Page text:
Guide to British Music of the 1960s

 

The Pretty Things

Biography | Discography | Web Links | Books

 

Dick Taylor - guitar/vocals, Phil May - guitar/vocals, John Stax - bass, Brian Pendleton - guitar, Viv Prince - drums

The Rolling Stones were not the only R&B band to come out of Kent in the early 1960s. Formed at Sidcup Art College in 1963 when Phil and Dick met up. Dick Taylor had already played bass in an early version of The Rolling Stones and had been part of the line-up during the band's debut in July 1962. Taylor had previously been in a band called Little Boy Blue & The Blue Boys which also included Mick Jagger and Keith Richards. Taylor was replaced by Bill Wyman as the Stones bass player when he went to art school, preferring this option to turning professional with the Rolling Stones.

Back on guitar and with Phil May on vocals and harmonica they were joined by Brian Pendleton, John Stax and original drummer Pete Kitley who was quickly replaced by Viv Andrews and Viv Prince by the time they signed with Fontana at the end of 1963. Their first manager was Brian Morrison, a fellow art student, who went on to a major managerial and promotional career in the music business. The band played hard-edged R&B. The name was indeed taken from a Bo Diddley song Pretty Thing. While the Rolling Stones were developing a reputation for wild behaviour, the Pretty Things were actually much worse and their hair was even longer!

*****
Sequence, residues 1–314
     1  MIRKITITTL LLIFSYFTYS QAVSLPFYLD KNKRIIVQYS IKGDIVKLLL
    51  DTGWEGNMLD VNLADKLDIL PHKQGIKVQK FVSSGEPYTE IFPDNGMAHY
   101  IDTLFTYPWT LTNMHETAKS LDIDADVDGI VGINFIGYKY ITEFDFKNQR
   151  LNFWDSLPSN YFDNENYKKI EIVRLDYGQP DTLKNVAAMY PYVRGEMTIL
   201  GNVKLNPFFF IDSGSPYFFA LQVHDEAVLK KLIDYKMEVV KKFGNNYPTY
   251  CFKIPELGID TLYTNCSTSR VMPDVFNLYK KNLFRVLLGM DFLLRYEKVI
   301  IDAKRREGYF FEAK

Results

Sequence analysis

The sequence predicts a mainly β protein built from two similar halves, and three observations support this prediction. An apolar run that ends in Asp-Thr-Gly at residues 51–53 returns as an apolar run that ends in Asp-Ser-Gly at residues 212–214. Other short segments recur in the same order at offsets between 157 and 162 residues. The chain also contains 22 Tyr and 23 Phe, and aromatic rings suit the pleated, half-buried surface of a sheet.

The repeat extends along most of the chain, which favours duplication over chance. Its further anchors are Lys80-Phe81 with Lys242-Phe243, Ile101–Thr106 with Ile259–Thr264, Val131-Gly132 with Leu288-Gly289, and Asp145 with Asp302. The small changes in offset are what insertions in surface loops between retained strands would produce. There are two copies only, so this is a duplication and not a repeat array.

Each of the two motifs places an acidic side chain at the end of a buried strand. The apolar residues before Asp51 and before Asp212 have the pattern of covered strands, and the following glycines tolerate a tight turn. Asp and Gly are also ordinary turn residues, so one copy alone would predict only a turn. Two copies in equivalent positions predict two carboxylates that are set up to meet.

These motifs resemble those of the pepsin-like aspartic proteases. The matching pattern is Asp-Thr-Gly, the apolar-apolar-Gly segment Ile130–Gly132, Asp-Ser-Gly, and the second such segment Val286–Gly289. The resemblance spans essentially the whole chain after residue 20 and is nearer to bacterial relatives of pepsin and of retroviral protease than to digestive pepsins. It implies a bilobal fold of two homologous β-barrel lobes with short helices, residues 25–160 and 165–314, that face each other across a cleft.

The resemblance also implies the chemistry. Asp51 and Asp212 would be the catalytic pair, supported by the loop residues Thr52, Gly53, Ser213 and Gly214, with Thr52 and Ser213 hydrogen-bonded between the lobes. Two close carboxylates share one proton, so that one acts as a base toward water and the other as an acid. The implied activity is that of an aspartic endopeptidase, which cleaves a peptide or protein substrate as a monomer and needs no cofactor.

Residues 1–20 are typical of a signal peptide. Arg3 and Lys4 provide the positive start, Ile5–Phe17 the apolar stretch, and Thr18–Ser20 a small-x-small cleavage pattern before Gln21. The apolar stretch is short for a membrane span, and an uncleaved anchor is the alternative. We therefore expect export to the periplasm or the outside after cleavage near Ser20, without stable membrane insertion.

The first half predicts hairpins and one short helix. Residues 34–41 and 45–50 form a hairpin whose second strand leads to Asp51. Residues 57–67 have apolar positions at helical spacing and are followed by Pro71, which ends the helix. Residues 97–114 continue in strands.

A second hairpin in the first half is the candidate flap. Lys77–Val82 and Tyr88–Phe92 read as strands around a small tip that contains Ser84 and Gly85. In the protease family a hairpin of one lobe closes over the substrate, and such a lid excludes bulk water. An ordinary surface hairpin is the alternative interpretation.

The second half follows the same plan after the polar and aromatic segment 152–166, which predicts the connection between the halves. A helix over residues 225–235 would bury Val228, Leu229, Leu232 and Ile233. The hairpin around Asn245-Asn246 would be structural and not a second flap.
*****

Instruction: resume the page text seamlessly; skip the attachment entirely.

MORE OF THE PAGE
The second single Don't Bring Me Down made the top ten and was the band's biggest hit. The debut album The Pretty Things was full of R&B classics. After a disastrous tour of Australasia Viv Prince was fired to be replaced briefly by Mitch Mitchell (later of the Jimi Hendrix Experience). Skip Alan then joined on drums. He had previously led the Skip Alan Trio. the band had a number of further minor hits during 1965 and 1966 including the superb Cry To Me and Midnight to Six Man.

However, the "British R&B explosion" had run its course. Twink from the Pink Fairies replaced Skip Alan on drums. The group made a major style change with the Emotions album taking the Pretty Things in a more psychedelic direction. This was the last album on Fontana and, afterwards, both Stax and Pendleton left the group. Wally Allen and John Povey joined from Bern Elliott & the Fenman and the band signed with the more progressive label Harvest. The Pretty Things then released what is widely considered to be the first rock opera SF Sorrow which was a major influence on Pete Townshend writing Tommy. While this was undoubtedly a great album it had little impact on the general public and sales were poor.

Skip Alan returned for the rockier Parachute following the departure of Twink and Dick Taylor.

Rock St. Trop was a collaboration between the French singer Shilipe Debarge and the Pretty Things.

The group split in 1971 although there have been a number of reunions since.

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